While you're searching for cold-weather clothing, upgrade your head protection with the Pro-Tec Ace of Spades helmet. This lid provides full protection for the face, including the jaw. Trust me, it's no fun eating through a straw. This helmet is more comfortable and breatheable than you might expect and it doesn't compromise on visibility. It's also a multi-impact helmet. The SRP is $120 at Western Cycle.

    PUBLICATION: Edmonton Journal
    DATE: 2005.11.10
    EDITION: Final
    SECTION: Outdoors
    PAGE: E1 / Front
    BYLINE: Calvin Maxfield
    SOURCE: Freelance
    DATELINE: EDMONTON
    ILLUSTRATION: Colour Photo: John Lucas, The Journal / The crisp, fallweather in Edmonton hasn't stopped Calvin Maxfield from enjoying mountain biking on some tantalizing trails on the slopes of the MacKinnon Ravine in the city's west end.; Graphic/Diagram: Rick Colville, The Edmonton Journal / (See hard copy for graphic.)
    NOTE: Ran with fact box "Where Can You Cycle?", which has beenappended to this story.

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    The bike does not stop here: Still plenty of mountain biking trails to explore in the fall and winter, especially in the slopes above the MacKinnon Ravine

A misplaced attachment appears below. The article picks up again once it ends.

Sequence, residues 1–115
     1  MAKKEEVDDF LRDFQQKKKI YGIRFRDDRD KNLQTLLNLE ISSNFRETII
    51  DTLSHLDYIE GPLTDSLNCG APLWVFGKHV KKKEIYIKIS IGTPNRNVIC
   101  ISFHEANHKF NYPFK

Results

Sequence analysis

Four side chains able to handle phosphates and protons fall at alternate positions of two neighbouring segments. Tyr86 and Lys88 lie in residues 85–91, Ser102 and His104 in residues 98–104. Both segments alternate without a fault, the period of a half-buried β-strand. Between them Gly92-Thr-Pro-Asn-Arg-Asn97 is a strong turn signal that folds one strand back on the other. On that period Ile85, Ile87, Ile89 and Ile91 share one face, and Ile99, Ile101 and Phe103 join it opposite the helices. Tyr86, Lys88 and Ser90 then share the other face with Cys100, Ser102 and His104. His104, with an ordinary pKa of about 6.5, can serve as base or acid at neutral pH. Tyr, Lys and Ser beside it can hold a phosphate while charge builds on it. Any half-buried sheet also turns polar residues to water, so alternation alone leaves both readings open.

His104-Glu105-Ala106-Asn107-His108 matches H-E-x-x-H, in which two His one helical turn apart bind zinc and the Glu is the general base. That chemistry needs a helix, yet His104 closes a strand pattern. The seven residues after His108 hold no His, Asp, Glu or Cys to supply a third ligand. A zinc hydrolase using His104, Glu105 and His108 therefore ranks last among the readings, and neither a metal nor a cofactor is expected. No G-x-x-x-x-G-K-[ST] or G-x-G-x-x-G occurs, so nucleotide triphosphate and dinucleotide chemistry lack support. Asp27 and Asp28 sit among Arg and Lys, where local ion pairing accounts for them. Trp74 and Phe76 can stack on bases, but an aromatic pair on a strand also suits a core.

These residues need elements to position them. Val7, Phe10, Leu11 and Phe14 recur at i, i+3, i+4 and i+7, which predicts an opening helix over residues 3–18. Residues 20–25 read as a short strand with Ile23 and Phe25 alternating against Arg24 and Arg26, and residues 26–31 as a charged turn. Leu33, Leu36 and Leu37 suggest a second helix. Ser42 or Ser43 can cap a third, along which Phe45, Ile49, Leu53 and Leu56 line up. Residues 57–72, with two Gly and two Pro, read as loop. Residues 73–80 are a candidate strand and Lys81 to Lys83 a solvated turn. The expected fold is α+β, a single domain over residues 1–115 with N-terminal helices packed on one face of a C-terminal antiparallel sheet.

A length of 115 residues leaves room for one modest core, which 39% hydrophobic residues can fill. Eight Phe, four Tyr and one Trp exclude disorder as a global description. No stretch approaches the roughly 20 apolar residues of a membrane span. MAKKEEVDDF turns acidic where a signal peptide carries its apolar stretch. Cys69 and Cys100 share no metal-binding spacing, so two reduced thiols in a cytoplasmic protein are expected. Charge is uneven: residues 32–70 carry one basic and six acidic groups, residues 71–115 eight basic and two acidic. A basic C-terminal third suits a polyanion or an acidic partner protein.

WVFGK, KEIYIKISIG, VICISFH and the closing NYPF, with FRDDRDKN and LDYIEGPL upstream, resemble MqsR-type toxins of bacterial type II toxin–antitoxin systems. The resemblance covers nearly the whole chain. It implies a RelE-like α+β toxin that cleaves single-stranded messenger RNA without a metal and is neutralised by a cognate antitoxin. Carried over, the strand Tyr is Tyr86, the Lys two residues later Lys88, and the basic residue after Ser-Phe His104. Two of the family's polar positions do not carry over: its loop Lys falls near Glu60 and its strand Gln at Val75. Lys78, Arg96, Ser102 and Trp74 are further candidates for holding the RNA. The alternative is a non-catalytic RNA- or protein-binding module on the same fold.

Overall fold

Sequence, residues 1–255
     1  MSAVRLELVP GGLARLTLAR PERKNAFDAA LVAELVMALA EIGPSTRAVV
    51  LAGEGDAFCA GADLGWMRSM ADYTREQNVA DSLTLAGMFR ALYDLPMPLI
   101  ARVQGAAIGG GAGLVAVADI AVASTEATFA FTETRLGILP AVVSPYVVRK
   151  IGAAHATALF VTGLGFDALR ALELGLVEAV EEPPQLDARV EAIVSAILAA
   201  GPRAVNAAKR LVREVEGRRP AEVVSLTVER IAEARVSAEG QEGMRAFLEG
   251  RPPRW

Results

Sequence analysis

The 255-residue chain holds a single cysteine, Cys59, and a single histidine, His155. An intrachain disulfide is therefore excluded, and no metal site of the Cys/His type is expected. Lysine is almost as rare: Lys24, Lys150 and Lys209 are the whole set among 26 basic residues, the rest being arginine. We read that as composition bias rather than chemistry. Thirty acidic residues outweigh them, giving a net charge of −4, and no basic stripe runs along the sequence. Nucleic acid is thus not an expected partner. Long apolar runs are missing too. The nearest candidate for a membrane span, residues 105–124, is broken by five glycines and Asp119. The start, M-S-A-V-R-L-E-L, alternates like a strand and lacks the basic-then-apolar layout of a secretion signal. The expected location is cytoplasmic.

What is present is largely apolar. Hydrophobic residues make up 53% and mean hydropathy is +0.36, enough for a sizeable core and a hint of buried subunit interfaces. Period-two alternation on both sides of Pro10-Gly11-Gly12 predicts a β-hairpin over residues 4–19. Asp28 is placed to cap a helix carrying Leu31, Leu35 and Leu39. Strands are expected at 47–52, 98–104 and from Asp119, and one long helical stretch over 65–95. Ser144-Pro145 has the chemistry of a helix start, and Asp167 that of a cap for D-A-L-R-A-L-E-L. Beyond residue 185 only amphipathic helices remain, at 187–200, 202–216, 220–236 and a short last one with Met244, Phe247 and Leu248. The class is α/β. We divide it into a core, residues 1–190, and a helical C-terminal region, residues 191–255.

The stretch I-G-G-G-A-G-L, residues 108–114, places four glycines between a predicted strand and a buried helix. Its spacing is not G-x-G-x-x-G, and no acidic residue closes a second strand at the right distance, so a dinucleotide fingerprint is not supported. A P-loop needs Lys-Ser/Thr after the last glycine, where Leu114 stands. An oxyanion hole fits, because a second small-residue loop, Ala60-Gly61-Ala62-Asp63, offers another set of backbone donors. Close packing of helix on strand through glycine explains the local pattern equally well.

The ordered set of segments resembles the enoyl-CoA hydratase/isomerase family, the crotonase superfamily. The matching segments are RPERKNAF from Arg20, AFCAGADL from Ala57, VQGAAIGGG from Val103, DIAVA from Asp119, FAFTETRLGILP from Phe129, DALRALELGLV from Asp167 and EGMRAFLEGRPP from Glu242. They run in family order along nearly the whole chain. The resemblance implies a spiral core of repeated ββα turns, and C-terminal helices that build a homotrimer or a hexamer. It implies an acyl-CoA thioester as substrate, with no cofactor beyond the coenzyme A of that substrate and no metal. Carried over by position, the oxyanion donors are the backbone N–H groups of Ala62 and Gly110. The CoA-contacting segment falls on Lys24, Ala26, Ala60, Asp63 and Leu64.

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    EDMONTON - Sure, we had our first minor dump of snow and more is surely on its way, but that's no reason to relegate your mountain bike to the storage shed just yet.

    Mountain biking in the semi-frozen autumn dirt or in the hard-packed snow of an Edmonton winter can be pure pleasure, especially in the trails along the MacKinnon Ravine in the city's west end.

    Sure, a grey scar of asphalt eviscerates this wondrous green ravine. But let the pavement draw the strollers, skaters, road bikes, runners and roller skiers. Take the time to explore both the south and north slopes of the ravine where tantalizing trails tease, taunt and occasionally terrorize the mountain bike rider.

    Two possible starting points are from Government House Park just west of the Groat Road Bridge or at 148th Street and Summit Drive.

    Let's start from the parking lot at Government House Park. From here, there are open dirt trails on either side of the paved trails with fine visibility. Sticking to the north side of the paved trail provides the opportunity to test the gears as you ride up and down five perky knolls and bulk up on elevation changes. The trail also peaks in and out of the bush just before you go under the 142nd Street bridge and a little after. This ride provides just a little taste of what awaits higher up on the slopes. In total, about three kilometres of steady biking takes you all the way up and out of the ravine to 149th street. Set the heart rate monitor alarm and then crank the cadence up to the max while riding this section.